Document Type

Thesis

Degree

M.S.

Degree Granting Department

Geography, Environment and Planning

Major Professor

Fenda Akiwumi

Keywords

Awareness, Behavior, Recycled Water, Risk, Trust, Wastewater

Abstract

In response to water supply depletion challenges, countries such as Australia, the United States, and Namibia have implemented technologies that treat wastewater up to the standards permissible to use for irrigation, toilet flushing, and even drinking water. However, many of these countries have been unable to successfully implement some of their ambitious reclaimed water reuse projects due to negative public perceptions of recycling wastewater. The focus of this study was to understand which factors in risk perception theory are the most influential in shaping community perceptions of reclaimed water reuse as a future source of drinking water within Hillsborough County. The research design was comprised of a mixed methodology approach (quantitative and qualitative analyses). The methods for assessing how each of the five main factors played a role in shaping risk perception in each of the communities was comprised of three main analyses, including spatial, statistical (through multiple regression modelling in R), and personal interview data (an HOA leader, one key informant, and a focus group). Residents (n=417) from various neighborhoods were interviewed through surveys which will evaluate factors found in literature that have been shown to have the most effect in shaping risk perception theory.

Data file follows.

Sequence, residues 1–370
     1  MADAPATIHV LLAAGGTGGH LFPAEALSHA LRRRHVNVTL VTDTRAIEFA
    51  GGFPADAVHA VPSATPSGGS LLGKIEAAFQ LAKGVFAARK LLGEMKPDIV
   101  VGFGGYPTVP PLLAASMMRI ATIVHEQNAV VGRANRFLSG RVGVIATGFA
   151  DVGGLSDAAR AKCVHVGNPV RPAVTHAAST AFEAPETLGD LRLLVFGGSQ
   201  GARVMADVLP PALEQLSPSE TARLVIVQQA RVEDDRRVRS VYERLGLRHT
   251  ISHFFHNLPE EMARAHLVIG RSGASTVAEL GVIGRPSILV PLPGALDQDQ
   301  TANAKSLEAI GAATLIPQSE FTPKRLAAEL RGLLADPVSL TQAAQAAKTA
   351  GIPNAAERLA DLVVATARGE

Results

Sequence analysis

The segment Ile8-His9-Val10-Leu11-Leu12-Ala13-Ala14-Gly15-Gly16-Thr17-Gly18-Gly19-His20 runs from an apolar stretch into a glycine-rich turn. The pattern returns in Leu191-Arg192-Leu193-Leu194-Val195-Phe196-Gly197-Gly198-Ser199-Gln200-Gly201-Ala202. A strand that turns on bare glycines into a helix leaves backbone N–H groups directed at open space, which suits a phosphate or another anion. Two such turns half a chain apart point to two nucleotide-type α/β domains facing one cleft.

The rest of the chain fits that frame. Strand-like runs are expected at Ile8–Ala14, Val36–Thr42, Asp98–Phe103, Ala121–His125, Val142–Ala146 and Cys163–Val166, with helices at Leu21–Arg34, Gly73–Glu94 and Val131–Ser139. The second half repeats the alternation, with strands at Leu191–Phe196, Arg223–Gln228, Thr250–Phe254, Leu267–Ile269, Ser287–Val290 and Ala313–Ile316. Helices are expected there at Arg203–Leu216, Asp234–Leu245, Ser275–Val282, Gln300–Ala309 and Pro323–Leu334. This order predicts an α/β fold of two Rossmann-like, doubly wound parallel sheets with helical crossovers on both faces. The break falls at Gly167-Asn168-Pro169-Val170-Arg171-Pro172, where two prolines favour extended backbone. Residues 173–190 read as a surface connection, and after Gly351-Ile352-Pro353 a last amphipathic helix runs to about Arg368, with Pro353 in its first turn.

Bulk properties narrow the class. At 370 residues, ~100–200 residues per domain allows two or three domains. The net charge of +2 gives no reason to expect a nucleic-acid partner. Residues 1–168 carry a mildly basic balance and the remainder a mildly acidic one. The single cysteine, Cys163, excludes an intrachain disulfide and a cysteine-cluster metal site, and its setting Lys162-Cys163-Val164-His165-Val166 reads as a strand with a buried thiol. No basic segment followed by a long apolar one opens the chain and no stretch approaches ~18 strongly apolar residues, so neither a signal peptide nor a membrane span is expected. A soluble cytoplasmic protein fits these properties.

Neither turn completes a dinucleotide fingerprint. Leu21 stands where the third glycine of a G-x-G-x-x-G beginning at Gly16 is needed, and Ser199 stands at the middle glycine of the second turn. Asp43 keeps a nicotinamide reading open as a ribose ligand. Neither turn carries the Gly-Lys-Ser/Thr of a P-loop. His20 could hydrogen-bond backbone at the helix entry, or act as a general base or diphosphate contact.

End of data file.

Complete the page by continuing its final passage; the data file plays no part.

Share

COinS